Upton has been visiting India since 2008, when he joined the Indian team along with Kirsten, and has observed something in this country that doesn’t please him – vis-à-vis owning up mistakes. “In India, one of the things that happen is that when people make mistakes they work as hard as they can to hide them or cover them up. I don’t think that’s a very healthy way and it doesn’t help a team or individual move forward. So, one of the things I modelled doing in the book is: 'make a mistake and put your hand up and own it',” he says.
After the incident created a furore in India and elsewhere, Kirsten formally denied having a hand in the preparation of the sex dossier and said at a press conference that it was Upton’s idea.
“My family and I have been deeply hurt by the many allegations that I encouraged the Indian players to engage in sexual activity before a match. I would like to state that I have never, and I repeat, never encouraged or told the team or any player to engage in any form of sexual activity. These allegations are absolutely not true and completely against my religious and moral beliefs,” Kirsten had read from a prepared statement. “The leaked article was written by Mr Paddy Upton and provided information for the players on the relationship between sexual activity and sports performance. I never wrote the article and read it for the first time two days ago. It has never been and never will be part of team strategy.”
Upton reveals in the book that he himself had shared his sex dossier with a journalist, unlike the general belief that a player or a member of the team’s support staff had leaked it. But after it became a scandal and made Kirsten a “laughing stock”, as Upton terms it, he reached out to him and apologised. And, Upton claims, the trust between them grew after his apology.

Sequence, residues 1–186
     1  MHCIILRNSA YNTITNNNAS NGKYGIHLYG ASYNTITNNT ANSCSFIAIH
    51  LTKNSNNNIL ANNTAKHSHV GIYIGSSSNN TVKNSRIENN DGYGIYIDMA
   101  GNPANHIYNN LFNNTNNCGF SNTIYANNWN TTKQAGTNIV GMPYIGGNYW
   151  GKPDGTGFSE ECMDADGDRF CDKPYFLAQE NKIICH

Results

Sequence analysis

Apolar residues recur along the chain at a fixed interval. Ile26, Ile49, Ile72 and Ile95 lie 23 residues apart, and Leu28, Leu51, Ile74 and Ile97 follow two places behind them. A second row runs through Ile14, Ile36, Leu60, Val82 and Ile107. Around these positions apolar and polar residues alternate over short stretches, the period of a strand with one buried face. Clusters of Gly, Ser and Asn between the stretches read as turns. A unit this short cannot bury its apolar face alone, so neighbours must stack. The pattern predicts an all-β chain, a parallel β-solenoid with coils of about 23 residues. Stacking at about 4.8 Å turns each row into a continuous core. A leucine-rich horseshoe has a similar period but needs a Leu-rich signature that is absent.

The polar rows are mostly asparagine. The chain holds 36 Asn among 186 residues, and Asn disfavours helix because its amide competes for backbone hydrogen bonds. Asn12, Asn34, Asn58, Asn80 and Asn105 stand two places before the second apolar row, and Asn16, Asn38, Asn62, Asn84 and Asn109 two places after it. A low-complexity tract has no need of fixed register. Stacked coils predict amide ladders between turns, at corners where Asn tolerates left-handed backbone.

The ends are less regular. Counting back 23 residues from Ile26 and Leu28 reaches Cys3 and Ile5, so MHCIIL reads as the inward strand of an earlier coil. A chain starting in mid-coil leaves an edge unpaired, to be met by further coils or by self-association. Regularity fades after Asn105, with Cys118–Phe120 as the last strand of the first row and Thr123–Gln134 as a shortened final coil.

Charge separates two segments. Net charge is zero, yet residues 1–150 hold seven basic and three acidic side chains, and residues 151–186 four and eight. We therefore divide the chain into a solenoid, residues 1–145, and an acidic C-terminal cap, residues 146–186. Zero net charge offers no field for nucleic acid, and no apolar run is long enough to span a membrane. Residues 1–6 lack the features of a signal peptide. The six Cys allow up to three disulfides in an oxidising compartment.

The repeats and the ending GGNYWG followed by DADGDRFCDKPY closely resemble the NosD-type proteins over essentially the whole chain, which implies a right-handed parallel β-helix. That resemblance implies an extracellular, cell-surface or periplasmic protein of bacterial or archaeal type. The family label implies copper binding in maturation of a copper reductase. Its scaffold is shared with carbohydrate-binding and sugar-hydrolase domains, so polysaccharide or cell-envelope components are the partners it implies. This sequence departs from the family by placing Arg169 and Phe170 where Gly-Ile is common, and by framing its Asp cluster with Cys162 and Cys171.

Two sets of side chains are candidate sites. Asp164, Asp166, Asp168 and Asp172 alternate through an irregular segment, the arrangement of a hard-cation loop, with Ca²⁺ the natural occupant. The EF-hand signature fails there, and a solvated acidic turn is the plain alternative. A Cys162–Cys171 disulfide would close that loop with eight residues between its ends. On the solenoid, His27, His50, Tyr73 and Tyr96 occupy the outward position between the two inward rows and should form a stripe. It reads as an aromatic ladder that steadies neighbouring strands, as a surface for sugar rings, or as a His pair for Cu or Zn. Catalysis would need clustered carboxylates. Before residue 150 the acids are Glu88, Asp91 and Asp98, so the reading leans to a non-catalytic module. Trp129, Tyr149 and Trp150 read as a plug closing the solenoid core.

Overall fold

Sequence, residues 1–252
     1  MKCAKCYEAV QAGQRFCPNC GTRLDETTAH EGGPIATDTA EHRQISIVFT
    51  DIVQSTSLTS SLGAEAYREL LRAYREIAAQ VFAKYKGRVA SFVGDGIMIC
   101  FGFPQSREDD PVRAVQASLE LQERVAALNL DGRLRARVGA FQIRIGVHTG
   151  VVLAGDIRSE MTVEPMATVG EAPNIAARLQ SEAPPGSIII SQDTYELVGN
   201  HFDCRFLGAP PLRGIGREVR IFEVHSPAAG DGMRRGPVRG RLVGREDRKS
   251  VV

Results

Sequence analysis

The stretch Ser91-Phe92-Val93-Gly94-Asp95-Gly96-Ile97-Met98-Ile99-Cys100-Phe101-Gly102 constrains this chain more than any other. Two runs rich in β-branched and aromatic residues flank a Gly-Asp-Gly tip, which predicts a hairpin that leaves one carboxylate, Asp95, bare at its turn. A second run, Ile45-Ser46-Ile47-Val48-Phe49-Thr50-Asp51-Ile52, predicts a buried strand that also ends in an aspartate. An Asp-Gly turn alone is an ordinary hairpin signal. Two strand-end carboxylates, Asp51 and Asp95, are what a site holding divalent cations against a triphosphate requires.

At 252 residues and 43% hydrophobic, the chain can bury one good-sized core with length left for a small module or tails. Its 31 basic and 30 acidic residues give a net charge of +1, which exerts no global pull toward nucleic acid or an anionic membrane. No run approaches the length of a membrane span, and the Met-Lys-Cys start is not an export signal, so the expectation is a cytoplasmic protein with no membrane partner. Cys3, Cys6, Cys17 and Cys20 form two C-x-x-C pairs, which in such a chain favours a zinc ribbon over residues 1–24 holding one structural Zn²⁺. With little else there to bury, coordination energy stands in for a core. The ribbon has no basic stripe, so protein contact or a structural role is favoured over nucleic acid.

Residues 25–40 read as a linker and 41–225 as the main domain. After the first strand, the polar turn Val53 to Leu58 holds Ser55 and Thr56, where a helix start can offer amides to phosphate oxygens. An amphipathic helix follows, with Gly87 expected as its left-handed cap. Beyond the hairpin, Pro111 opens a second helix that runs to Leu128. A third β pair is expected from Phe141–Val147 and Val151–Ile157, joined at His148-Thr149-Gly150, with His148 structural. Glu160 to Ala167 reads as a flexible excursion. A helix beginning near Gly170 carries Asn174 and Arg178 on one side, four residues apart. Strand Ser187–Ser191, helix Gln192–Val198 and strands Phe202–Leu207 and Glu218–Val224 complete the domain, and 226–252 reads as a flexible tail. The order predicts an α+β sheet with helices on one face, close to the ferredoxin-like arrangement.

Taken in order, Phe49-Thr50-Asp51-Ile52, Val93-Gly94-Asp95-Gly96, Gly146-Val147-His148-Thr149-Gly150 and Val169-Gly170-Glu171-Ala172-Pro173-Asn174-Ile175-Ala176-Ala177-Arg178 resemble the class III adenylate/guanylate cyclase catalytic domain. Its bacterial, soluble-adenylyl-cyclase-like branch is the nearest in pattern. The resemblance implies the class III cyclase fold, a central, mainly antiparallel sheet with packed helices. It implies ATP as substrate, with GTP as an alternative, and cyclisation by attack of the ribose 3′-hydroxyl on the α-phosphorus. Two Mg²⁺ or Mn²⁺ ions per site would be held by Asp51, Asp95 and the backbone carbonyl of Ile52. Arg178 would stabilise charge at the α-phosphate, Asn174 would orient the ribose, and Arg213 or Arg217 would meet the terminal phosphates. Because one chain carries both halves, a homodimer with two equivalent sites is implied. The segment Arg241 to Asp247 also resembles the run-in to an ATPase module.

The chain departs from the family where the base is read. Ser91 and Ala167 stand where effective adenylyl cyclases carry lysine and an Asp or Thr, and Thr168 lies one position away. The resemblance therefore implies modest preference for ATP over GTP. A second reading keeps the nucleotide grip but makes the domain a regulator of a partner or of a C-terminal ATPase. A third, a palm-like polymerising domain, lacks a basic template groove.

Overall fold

Did Upton also learn lesson in trusting people after that incident because he owned it up that it was him who had leaked it? “No, it didn’t change my trust at all. I think I like to trust people first and give them the benefit of the doubt. And if people make a mistake and they own up I think the trust even grows. I think the relationship between Gary Kirsten and me, after we had navigated that real difficulty, actually grew because I was able to go to Gary and own 100 per cent my error, and why I did it,” he explained.
Upton further says: “I think respect grew out of that real deep sharing and honesty and vulnerability. And very often in life mistakes happening is very human. If it’s really well and maturely handled, properly processed, you end up being stronger for having remedied that mistake and bringing that honesty towards it. That happens. People make mistakes and when you repair it well it strengthens the relationship and when you don’t repair it well it ends up breaking the trust.”
That Upton and Kirsten continued to work in cohesion became evident in less than three months of that incident as they helped Dhoni’s Indian team become the world No.1 in Test cricket. And one-and-a-half years after that sex dossier scandal the duo guided India to become the first team ever to win the 50-over World Cup as hosts in the tournament’s 36-year history.